The private/business approach to national railways meant not only repeated avoidance of investment into new models of trains, their maintenance and safety that was needed to keep up with the increasing urban masses (and keep them safe), but also a literal scaling back of the railway system itself.
The highwatermark of over 47,000km of track came during the late 40’s and the first Presidency of Juan Domingo Perón, the man responsible for nationalizing rail from the mainly British private owners (yes, that was very popular). Since then, the current total shrunk, fastest during the 90s, to now come in at present at around 34,000km. True, this neglect and decline of the network during the final decades of the century was to some extent a reaction to slumping services, a swelling glut of costs and the rise and rise of highways and the car.
Argentina, however, was also one part of the global vogue, particularly during the 90s after the fall of the Soviet bloc, where many governments instituted privatization in varying degrees for any public service that wasn’t in tip-top condition (and even many that were). The same happened to the British railways, for example; now widely considered to be a mistake still haunting the UK, as a quick glance at UK ticket prices will indicate (not for the faint-hearted).
Here in Argentina, the shrinking back of the railways in the run up to and eventual rule of private companies was no less damaging. With access to more remote areas made much harder, many migrated from the interior into the ever-expanding cities, and this concentrated wealth there at the cost of other provinces, creating a lingering geographical imbalance in the economy.
It was almost like pressing rewind on the original, miraculous growth of the railways that happened here at the turn of the century; a process which freed up the huge potential for economic and social expansion that the vast landmass of Argentina has always embodied. This remains one of the country’s most powerful assets, and the decline of the train since its heyday has done nothing to help the nation exploit this great potential resource. Argentina was one of the richest countries on the planet during the late 19th-early 20th Century decades, and the railroads were at the heart of this prosperity.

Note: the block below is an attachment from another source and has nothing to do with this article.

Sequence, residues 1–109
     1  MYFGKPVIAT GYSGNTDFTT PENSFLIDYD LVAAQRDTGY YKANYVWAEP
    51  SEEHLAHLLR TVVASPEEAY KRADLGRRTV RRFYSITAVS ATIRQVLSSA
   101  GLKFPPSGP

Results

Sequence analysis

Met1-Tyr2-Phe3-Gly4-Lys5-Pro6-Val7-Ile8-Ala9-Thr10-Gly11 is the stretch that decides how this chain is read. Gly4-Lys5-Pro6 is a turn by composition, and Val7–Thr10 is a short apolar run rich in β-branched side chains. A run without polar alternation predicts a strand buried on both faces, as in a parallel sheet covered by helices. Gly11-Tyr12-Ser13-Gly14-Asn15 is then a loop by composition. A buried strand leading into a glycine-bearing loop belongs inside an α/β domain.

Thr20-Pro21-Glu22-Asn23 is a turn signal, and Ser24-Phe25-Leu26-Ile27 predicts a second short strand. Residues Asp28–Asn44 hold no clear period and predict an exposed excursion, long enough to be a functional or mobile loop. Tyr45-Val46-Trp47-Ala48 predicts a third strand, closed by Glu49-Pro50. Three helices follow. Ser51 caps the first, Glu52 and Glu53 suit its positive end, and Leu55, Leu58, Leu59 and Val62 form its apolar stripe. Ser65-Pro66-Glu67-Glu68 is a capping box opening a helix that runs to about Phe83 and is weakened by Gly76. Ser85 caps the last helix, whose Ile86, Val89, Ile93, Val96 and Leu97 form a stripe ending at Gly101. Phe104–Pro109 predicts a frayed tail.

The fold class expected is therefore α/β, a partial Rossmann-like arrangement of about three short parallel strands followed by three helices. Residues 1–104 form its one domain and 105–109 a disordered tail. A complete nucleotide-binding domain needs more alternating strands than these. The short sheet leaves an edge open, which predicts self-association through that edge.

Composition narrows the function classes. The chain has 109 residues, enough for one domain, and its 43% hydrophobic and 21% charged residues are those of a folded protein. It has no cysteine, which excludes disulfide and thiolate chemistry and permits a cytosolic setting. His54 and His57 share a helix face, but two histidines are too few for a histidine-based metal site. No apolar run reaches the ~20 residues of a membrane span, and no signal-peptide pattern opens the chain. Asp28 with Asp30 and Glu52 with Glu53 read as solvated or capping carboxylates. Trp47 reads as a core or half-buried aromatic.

The country witnessed huge economic expansion exporting its grain and beef cash crops to Europe, then the powerhouse of the 19th-Century world. They were grown in ever increasing numbers in the vast expanses of the interior, which until the railroad had in many ways only been nominally connected to the bustling cities. Getting all this harvested produce to the ports like Buenos Aires and then on to Europe as quick as possible and in ever greater volumes was key to Argentine economic growth, and it was all thanks to the railroads. These snaking rivers of iron began to criss-cross the vast empty plains and canyons on the map of the interior, and unite the huge distant regions of the nation economically, as the fighting Presidents had done before them politically. They came to symbolize Argentina’s turn of the century Golden Age, and it was with massive popularity that Peron nationalized them in 1948.
Fast forward to the current generation of Peronists, and privatized rail has proved a harder habit to kick this time than we might have guessed under the Kirchner’s. Until Cristina’s latest term, they both toyed with going cold turkey for a while but for some strange reason always seemed to fall at the last hurdle. Perhaps it had something to do with their (former) go-to transport guy Jaime Ricardo, prosecuted in 2013 for hefty corruption allegations that not only included the disappearance of public money but also the accepting of effective bribes by Trenes de Buenos Aires; one of the big corporations that ran part of the railroad until last week. When private capital and profit penetrate public resources, they seem to have a hypnotic effect on their guardians too.
Now firmly in the *ahem* driving seat again, Cristina and Minister Randazzo may decide to reassess the scaled back state of affairs and consider expansion once more, as Néstor also did without following it through. More likely still, they could push ahead and arm more of the system with up to date carriages like the Roca line now has. If they do, many, many people would benefit, even if the government coffers might not (each brand new car costs around 1.5m dollars). It just so happens the new models introduced last week are complete with special safety technology that prevents adjoining cars from crashing into each other in the event of a general technical failure or sudden stop, as happened in the Once disaster. Just one more reason why investing in the railways has got to be worth it.